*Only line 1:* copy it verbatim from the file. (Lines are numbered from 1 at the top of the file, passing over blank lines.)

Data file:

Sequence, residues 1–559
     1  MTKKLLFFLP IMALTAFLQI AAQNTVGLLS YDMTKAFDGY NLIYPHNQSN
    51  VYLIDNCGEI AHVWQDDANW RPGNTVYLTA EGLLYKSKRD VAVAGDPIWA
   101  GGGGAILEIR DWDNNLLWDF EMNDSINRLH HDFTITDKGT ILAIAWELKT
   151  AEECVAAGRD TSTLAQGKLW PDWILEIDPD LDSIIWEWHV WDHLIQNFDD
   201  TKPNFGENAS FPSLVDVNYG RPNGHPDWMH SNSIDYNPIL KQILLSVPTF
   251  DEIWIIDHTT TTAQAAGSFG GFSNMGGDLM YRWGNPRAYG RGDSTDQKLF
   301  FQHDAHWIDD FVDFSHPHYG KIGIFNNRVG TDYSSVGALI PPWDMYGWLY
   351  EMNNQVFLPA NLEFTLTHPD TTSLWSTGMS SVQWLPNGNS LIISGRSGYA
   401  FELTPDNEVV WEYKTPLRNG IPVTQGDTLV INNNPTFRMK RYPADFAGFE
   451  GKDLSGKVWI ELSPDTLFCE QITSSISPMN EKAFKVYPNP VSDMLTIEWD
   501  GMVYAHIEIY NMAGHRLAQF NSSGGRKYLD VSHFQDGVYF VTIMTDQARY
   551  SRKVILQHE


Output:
Sequence, residues 1–559